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On Vocation Blog

Posted September 18, 2018 by Center for Faith and Innovation
Tags: Vocation and Calling

Her Galloping Commitment: Dorothy Sayers's Dedication to "Good Work Well Done"

Crystal Downing, newly appointed co-director of the Marion E. Wade Center, reflects on vocation in the life and writings of Dorothy L. Sayers.

Dorothy L. Sayers (1893-1957) was so passionate about vocation that her friend C. S. Lewis once wrote her “Hey! Whoa!” in response. Her galloping commitment to “Christian work” – which for her potentially included all work – developed out of life experiences.

Like Lewis, Sayers graduated with highest honors from Oxford University. But she wasn’t granted a B.A. because the university thought females, who would merely go on to be mothers or teachers, didn’t need degrees. Sayers dutifully tried teaching, only to discover that she was not cut out for the job. Hence, for much of her twenties she was still supported by her parents while ricocheting from job to job. Only because she needed income, Sayers began writing detective fiction, eventually attaining what many twenty-somethings long for: money and fame. Vocation at last!

Whoa! Not so fast! It took fifteen more years for Sayers to grow into a full sense of vocation in her own work – and a fuller understanding of Christian vocation. At age 43, she was asked to write a play about the history of Canterbury Cathedral, choosing as her protagonist a cathedral architect committed to “the integrity of work”: something she had already started to think about. However, because the play was to be performed in the cathedral, Sayers felt the need to tie vocational integrity to Christian belief. This forced her to think both deeply and critically about her faith for the first time in her life, leading her to profound theological conclusions. Because the play was a rousing success, Sayers received numerous invitations not only to deliver lectures about the relationship between Christianity and culture, but also to write plays on biblical topics for radio. Thousands came to Christ through her BBC plays. Sayers became, almost against her will, a nationally-known lay theologian, while continuing to pour herself into the literary art that she found so vocational – writing plays and translating medieval literature (including Dante’s Divine Comedy)..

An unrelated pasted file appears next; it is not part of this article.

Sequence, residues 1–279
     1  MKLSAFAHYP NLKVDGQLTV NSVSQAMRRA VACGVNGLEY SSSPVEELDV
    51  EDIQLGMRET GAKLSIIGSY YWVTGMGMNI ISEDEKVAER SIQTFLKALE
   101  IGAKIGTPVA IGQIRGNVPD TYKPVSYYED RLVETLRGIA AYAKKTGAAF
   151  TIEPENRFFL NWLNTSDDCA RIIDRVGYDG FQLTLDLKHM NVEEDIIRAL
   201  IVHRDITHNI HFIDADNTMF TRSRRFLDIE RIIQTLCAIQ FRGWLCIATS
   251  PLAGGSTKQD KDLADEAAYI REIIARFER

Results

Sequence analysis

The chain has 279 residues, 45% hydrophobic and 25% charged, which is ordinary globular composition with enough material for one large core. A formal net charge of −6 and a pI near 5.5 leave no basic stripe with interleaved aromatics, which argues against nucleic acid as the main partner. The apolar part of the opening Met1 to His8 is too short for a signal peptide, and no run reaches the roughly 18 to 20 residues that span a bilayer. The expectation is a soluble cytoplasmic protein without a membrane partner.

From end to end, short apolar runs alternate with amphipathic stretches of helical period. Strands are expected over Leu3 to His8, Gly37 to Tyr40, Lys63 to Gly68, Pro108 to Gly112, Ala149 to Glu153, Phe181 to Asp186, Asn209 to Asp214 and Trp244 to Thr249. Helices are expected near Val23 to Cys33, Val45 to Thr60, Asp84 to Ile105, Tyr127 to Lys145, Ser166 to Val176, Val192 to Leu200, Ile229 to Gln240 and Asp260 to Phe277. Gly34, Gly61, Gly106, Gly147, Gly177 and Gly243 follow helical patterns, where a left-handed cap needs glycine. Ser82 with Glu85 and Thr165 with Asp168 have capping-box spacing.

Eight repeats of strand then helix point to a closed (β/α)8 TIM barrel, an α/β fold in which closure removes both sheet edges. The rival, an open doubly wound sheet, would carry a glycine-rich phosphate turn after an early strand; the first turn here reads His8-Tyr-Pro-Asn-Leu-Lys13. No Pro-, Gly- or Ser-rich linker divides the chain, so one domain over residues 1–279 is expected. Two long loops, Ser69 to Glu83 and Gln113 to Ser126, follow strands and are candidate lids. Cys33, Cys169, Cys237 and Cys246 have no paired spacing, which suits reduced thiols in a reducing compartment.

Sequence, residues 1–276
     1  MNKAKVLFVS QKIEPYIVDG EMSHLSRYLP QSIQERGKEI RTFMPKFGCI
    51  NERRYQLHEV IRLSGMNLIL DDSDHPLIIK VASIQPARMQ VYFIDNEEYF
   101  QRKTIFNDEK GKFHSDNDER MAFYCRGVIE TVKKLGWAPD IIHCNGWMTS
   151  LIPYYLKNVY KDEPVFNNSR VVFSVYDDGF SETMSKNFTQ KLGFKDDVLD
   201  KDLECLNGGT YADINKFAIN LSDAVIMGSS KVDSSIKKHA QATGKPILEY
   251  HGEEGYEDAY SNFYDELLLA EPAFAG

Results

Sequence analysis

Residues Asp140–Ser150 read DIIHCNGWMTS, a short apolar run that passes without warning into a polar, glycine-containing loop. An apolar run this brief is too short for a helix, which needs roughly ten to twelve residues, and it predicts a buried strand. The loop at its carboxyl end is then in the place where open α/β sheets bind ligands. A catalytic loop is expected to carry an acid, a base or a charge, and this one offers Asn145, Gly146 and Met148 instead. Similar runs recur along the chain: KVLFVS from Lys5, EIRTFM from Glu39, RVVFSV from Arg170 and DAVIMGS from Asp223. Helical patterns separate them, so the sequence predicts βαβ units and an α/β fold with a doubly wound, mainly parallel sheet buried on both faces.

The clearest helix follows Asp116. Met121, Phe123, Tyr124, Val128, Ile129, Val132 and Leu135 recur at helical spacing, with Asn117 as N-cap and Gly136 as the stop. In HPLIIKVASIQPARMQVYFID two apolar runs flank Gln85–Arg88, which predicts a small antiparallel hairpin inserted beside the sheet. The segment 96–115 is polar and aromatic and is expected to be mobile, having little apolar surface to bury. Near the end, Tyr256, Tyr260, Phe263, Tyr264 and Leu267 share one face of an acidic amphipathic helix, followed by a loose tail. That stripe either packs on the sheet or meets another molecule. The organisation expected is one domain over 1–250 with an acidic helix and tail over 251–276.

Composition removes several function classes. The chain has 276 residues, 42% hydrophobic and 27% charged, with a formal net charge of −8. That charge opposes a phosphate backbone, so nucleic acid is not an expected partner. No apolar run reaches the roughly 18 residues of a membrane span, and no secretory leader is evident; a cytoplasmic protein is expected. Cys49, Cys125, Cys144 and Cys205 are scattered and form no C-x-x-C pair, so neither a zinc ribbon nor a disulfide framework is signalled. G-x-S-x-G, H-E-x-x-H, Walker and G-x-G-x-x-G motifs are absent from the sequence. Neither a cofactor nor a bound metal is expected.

Sayers did occasionally publish essays about work and vocation (see for example her fascinating “Why Work”)—and her detective novel Gaudy Night wrestles with vocation from beginning to end!—but her own story also teaches us much:

  1. Vocation is a process of discovery more than a product handed over on a prayer-lined platter. During college, Sayers had no idea where her interests and gifts would take her. She loved creative writing so much that she started an extra-curricular writing group. But she loved singing in the Oxford Bach Choir even more. If she had pursued a musical career, we may never have heard of her. Even then, her writing career was a step by step process, marked by failure as well as success: all in preparation for her true vocation.
  2. To regard college education as preparation for one particular job is a waste of mind and soul. College should be seen as an opportunity to develop critical thinking skills that prepare students for any number of careers. As Sayers puts it in a 1941 letter, “One is hampered by the abominable phrase ‘vocational education’, which usually means the very opposite of what it says. It shows how far we have lost the very idea of ‘vocation’ in work, that we give the name to a training which is chiefly designed to train people for employment.”
  3. Cultural constructions often drown out the call of vocation. From gender expectations to the insidious idea that money defines success, the culture in which we are embedded dictates acceptable careers. Recognizing this problem in her own life, Sayers came to the astute and Bible-verified conclusion that people motivated primarily by income can easily miss God’s call. Only by shaking off the golden handcuffs of best-selling novelist status was she able to fulfill her deeper vocations in other areas of literary work. As she finally learned, “We should ask of an enterprise, not ‘will it pay?’ but ‘is it good?’; . . . of goods, not ‘can we induce people to buy them?’ but ‘are they useful things well made?’; of employment, not ‘how much a week?’ but ‘will it exercise my faculties to the utmost?’”
  4. Exercising one’s God-given faculties to the utmost, whether in college or in middle age, is preparation for vocation. Hence, for Sayers, shoddy work done in the name of evangelism honored God less than beautifully done woodworking or creative childrearing. For Sayers, “Christian work is good work well done.” Whoa, indeed!